Gratitude in the middle-place

We have been watching Japan with saddened hearts for all the people there are so gracefully enduring. We are also debating ourselves whether or not to leave Taiwan or wait it out here. It’s a very middle-place to be sitting for the moment. The past few days have been spent with bags packed and ticketed itineraries, far too much CNN and googling of “worst case scenario” as I have tried to figure out nuclear science and what this all means for our travel plans and living in Taiwan.

For the moment, we are staying put. At the same time, I have a ticket for the girls and I for Monday night.

I remain in prayer for Japan and the people who were lost and also those in very trying circumstances now.

I’m reading Huston Smith’s autobiography, Tales of Wonder: Adventures Chasing the Divine. I am rarely envious of another’s life path, but Huston Smith had such a grand adventure. He spent 10 years living and practicing each of the world’s major religions. (Born Christian and lived as missionary kid in China, practiced Hindu, Buddhist, Muslim.) He traveled the world and studied with everyone. I’ve been engulfed in his tale and plan to read everything else he’s written about religion and get a copy of his PBS series he did with Bill Moyers.

I just read about his Zen studies in Japan. He studied at Myoshinji sodo to learn Zen Buddhism. It was not an easy course. Right before he left for home again, the roshi knocked everything off the pedestal of what he had just learned, saying that koans are not Zen, sitting in meditation is not Zen.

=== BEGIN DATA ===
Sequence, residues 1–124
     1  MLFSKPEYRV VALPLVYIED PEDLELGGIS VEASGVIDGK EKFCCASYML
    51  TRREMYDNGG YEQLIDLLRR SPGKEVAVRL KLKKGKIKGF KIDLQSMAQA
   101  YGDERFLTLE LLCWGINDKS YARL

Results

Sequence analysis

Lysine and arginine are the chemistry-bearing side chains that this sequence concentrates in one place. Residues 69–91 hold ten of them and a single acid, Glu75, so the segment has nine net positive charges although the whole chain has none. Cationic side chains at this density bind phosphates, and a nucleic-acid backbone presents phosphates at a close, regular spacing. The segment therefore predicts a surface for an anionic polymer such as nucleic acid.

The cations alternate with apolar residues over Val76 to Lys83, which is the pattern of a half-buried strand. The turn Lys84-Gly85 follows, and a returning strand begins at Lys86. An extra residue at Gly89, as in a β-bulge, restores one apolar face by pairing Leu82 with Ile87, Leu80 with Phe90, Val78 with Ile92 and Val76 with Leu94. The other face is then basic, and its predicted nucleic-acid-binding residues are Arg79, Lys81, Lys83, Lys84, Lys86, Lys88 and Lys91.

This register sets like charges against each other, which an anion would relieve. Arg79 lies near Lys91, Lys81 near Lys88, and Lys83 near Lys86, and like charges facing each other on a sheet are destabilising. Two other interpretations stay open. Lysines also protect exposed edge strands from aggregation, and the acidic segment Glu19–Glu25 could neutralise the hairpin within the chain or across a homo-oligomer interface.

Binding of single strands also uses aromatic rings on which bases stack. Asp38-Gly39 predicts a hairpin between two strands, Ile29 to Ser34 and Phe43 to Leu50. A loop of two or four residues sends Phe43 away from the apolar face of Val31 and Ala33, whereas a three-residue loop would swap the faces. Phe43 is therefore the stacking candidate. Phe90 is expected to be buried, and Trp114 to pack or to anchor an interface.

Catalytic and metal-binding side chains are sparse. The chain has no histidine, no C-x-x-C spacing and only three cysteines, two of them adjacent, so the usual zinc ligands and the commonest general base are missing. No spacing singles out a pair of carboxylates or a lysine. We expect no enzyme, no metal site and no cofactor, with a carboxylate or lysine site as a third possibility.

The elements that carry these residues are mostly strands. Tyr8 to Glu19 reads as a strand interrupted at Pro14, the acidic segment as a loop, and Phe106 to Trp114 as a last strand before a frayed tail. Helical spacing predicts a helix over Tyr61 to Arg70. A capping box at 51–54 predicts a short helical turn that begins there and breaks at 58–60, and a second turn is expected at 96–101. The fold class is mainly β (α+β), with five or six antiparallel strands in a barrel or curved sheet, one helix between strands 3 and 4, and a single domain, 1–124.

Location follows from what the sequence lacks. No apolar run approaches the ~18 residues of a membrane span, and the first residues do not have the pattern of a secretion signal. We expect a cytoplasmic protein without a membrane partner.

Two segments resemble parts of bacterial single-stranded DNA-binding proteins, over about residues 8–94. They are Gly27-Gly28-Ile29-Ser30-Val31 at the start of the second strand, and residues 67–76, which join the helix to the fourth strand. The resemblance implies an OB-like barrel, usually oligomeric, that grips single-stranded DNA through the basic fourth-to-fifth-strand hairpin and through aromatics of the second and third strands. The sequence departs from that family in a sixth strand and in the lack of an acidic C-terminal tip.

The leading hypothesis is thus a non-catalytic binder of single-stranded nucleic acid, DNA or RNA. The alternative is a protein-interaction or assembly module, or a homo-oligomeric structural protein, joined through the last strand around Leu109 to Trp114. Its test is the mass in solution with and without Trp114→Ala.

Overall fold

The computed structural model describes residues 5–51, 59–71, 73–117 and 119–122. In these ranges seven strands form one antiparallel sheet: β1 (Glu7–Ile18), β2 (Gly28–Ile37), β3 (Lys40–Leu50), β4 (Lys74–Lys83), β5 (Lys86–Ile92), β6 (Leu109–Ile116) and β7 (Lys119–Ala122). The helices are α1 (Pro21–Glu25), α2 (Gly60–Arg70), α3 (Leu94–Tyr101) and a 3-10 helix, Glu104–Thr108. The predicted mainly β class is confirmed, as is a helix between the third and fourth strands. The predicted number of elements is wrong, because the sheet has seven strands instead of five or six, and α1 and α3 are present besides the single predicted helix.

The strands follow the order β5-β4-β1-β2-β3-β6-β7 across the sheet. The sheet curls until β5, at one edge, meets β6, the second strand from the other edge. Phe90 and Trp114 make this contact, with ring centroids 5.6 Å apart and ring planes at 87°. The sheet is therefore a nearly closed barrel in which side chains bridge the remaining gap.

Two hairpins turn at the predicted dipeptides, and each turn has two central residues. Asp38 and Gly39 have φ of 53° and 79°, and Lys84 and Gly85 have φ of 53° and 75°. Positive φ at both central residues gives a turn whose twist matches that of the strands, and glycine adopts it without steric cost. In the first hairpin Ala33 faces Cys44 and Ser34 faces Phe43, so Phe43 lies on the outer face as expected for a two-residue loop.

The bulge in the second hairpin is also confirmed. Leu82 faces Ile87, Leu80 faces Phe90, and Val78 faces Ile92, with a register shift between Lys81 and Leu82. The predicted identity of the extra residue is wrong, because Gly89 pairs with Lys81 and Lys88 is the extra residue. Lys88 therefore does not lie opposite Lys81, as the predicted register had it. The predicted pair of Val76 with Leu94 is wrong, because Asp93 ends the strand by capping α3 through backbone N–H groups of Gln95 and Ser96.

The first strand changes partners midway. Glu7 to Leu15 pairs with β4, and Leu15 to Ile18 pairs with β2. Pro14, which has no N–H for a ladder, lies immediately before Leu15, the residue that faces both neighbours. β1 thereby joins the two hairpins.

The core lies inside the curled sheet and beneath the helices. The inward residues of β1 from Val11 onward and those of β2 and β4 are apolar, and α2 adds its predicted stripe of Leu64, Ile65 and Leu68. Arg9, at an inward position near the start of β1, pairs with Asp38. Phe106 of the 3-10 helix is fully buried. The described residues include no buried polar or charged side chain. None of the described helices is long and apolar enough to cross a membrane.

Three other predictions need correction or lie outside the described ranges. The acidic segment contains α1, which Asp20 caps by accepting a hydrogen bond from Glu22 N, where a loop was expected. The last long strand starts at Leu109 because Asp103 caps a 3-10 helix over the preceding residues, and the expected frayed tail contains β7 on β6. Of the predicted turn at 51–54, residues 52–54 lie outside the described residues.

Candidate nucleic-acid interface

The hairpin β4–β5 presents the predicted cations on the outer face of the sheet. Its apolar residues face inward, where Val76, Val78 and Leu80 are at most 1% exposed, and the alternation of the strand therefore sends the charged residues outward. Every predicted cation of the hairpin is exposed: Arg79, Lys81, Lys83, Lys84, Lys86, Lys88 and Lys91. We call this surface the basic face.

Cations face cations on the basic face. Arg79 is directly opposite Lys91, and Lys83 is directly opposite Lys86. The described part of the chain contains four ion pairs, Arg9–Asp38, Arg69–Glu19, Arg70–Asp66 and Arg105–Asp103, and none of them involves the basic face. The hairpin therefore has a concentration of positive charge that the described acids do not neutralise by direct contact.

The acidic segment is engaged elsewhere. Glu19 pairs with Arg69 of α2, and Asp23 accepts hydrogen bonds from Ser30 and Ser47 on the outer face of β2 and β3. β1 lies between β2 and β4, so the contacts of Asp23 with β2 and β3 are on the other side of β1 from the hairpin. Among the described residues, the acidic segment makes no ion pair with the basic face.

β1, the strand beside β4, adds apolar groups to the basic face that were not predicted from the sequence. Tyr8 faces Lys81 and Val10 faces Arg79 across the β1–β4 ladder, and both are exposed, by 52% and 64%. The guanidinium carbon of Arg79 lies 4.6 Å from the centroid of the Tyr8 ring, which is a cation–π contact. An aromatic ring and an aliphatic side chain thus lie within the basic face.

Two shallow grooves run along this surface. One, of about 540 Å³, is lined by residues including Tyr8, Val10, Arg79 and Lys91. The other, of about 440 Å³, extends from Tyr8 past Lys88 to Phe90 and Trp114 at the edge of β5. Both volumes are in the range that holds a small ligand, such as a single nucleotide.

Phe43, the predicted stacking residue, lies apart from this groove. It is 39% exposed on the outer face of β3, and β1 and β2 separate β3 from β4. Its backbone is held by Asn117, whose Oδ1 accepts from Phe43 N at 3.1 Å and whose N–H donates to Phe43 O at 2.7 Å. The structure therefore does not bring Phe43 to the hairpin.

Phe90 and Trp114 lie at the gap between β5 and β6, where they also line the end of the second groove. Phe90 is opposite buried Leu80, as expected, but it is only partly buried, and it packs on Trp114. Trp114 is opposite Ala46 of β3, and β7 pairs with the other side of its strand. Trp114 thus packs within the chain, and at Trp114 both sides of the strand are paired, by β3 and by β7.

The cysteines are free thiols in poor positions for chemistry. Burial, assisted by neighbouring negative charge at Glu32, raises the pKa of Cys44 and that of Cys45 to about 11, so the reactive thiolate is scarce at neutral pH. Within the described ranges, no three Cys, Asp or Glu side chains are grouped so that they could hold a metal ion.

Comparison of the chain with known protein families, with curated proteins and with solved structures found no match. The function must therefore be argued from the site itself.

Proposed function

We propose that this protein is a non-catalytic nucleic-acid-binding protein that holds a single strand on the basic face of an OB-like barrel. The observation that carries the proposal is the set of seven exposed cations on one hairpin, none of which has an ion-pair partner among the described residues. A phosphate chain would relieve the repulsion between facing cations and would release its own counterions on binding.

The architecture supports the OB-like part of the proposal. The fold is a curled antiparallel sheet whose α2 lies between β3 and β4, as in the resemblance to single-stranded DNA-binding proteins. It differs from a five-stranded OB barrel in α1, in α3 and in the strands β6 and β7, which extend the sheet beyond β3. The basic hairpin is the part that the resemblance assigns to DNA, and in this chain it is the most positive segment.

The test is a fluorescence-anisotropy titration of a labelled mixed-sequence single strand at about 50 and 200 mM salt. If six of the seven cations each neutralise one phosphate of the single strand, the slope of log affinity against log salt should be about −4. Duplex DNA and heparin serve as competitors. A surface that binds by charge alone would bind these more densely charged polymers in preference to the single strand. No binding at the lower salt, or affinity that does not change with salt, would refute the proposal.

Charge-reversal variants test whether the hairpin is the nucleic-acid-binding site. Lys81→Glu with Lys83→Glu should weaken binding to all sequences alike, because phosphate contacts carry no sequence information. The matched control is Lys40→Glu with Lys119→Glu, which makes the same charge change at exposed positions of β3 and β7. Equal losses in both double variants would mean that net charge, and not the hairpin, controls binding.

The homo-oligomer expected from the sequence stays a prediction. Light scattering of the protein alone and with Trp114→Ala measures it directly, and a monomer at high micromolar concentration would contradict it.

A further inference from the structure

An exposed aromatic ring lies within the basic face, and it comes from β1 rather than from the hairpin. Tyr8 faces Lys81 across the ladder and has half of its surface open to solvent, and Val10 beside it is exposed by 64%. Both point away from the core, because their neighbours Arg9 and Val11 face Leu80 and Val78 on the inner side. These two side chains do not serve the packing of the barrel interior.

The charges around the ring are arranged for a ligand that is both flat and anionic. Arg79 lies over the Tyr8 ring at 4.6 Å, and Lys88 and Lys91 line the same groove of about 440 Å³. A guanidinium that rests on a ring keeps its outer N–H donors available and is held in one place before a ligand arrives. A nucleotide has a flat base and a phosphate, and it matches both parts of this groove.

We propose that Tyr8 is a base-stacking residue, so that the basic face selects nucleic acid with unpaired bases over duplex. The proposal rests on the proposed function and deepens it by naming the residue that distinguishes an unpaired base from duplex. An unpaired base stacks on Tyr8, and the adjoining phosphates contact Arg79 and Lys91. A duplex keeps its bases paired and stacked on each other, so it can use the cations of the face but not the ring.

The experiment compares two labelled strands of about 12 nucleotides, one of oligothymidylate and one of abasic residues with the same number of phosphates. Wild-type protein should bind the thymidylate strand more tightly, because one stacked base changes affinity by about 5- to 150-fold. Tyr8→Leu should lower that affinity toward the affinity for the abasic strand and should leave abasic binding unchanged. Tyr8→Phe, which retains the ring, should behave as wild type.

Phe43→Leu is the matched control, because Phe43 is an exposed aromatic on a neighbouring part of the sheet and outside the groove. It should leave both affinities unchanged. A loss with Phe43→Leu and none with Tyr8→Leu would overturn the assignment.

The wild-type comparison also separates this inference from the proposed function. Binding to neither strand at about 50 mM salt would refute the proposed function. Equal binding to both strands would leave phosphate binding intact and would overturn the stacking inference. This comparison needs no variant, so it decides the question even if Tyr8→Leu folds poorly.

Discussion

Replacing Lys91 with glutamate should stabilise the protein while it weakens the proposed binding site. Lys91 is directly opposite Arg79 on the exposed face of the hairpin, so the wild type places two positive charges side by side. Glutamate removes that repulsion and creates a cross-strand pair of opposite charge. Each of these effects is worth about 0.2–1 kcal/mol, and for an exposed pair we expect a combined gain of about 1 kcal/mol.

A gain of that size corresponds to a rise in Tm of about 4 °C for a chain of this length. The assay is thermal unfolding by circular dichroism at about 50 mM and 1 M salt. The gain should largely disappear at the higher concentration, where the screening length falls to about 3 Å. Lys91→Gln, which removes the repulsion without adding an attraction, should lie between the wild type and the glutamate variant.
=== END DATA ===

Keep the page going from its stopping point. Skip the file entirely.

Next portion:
He said this, “Make your whole life unceasing gratitude. What is Zen? Simple, simple, so simple. Infinite gratitude toward all things past; infinite service to all things present; infinite responsibility to all things future. Have a safe journey home. I am glad you came.”

Practicing gratitude and remaining teachable are the qualities that have most saved my life. Huston Smith, I sit at your feet today.

Today I am grateful for:
terra firma,
clean, ironed sheets waiting for me in the bed,
healthy family and clear minds,
yummy dinner with good friends,
and a ticket to L.A. that is currently salving my anxieties.

I could go on, but I should rest now. Gratitude lists are so simple and almost mockable, but they work. I always feel like a millionaire when I write one.

“There are a thousand ways to kneel and kiss the ground. Let the beauty we love be what we do.” –Rumi

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2 Responses to Gratitude in the middle-place

  1. nysha says:

    My love, if you do indeed come home, please call us. We welcome you to our small cabin for love. These are difficult times. Go with your instinct. I released my fear a few days ago. I too have done a Phd’s worth of research on Nuclear Science. We must hold our planet in a blanket of protection for our little ones.

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